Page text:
The Bank of Ghana (BoG) has stated that it is not processing any application for a fresh banking licence to new entrants into the banking sector.
The Governor of the BoG, Dr Ernest Addison, who stated this, was content that the banking sector reforms that cut the number of banks from 33 to 23 had made the banking sector more resilient to shocks.
Speaking to the Daily Graphic in Accra, he said the central bank had not received any fresh applications for new banking licences in the last few months.
He was confident that the few banks that currently operated in the country remained “well-capitalised, solvent, liquid, efficient and profitable, with improved financial soundness indicators”.
There had been concerns in some circles that the central bank was processing fresh applications for banking licences two years after the financial sector clean-up.
But Dr Addison said: “We have a framework that we are working with. It is an open and liberal financial sector and if you meet the minimum capital of GH¢400 million, we will license you.”
‘Fewer the merrier’
At a Monetary Policy Committee news conference last Friday, Dr Addison, who had given an update of the banking sector reforms, had said the financial sector was strong and liquid, even with just 23 banks, suggesting that “the fewer, the merrier”.
“At the start of the reforms in August 2017, total assets were GH¢89.1 billion for a sector that had  banks, and two years after the reform process started, total assets had increased to GH¢115.2 billion as of the end of August 2019, even with 23 banks.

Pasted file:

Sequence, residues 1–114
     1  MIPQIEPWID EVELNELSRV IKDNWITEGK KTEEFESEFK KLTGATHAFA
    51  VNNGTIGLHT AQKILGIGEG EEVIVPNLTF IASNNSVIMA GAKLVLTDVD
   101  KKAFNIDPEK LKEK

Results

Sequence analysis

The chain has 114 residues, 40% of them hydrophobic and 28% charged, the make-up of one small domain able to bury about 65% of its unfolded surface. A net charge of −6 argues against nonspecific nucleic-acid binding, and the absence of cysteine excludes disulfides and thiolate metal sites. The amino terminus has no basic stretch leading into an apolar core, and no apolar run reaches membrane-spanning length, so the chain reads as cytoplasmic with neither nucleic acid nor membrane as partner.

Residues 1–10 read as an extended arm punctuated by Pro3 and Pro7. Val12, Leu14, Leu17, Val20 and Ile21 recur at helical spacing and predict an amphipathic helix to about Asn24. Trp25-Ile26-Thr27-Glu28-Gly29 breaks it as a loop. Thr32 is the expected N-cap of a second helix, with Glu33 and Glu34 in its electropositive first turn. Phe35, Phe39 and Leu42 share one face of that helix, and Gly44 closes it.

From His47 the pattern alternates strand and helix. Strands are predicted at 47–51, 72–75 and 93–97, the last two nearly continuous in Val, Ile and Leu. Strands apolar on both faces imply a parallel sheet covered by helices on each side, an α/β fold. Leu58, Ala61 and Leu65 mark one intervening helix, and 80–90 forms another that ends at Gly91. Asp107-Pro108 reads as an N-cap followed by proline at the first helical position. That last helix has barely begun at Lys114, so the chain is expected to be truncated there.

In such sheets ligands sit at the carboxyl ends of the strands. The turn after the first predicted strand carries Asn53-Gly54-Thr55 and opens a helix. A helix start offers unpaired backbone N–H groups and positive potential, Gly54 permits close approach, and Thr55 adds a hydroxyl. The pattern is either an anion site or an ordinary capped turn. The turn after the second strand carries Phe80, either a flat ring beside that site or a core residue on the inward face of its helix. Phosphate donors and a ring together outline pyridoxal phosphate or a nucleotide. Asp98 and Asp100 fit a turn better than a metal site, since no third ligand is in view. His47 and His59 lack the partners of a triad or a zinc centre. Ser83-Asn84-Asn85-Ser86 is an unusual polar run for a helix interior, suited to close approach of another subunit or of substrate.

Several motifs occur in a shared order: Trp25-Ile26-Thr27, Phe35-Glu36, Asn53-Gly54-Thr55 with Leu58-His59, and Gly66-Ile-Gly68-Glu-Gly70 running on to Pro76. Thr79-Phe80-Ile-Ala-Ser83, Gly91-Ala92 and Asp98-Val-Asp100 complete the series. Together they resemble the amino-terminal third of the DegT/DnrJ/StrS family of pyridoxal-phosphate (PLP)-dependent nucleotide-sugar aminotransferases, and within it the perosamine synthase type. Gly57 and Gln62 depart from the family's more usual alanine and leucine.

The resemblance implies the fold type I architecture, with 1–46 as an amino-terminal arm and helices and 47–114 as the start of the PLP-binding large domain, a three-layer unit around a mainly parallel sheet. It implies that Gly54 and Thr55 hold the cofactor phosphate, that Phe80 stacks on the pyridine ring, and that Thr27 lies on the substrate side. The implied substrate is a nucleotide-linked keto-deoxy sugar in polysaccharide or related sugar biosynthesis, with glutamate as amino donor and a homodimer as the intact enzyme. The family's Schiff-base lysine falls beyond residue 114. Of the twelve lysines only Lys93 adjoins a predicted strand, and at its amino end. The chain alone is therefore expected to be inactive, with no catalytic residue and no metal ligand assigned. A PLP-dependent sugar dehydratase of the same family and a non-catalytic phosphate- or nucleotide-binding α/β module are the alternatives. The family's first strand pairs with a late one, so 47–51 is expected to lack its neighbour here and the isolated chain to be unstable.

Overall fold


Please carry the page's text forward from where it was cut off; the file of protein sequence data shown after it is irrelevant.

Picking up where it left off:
“In the same direction, total deposits have improved from GH¢55.7 billion to GH¢76.0 billion over the same comparative period, reflecting a stronger deposit base owing to more trust and confidence in the banking sector, with fewer but stronger banks,” he said.
Dr Addison said there had been a marked improvement in banks’ performance, which reflected a positive impact of the recent reforms.
“Banks are beginning to focus on their core mandate of financial intermediation based on the strong capital base after recapitalisation,” he said.
He said the asset quality had improved, with a decline in the non-performing loans (NPL) ratio from 21.3 per cent in August 2018 to 17.8 per cent in August 2019.
“The NPL ratio is trending in the right direction and is expected to be sustained by continued implementation of the NPL write-off policy, intensified loan recovery efforts and stronger credit risk management practices,” he added.
Dr Addison also emphasised that the cleaning up of the financial sector was over.
“All the problem institutions in the sector have been taken out and we think that should end the exercise,” he said.
On the issue of rural banks, he said that would be dealt with by the Apex Bank, with support from the BoG.
“We will deal with the Apex Bank to see how best to deal with some of the problem institutions in that sector,” he said.
Weaker banks out
Expatiating on the reforms, the governor said: “Largely, the reforms that we intended to put in place over the last two years have been very successful and completed and most of the weaker institutions that were driving up operational costs and making lending rates high are out of the system.”
“If you take the microfinance segment, for instance, these were the institutions that were setting up high deposit rates, despite their inefficiencies. I understand the deposit rate in that segment has now collapsed from 30 per cent to around 15 per cent, which is what we expected,” he added.
Dr Addison said the central bank expected the reduction in the deposit rate to have a knock-down effect on all lending and interest rates in the financial sector.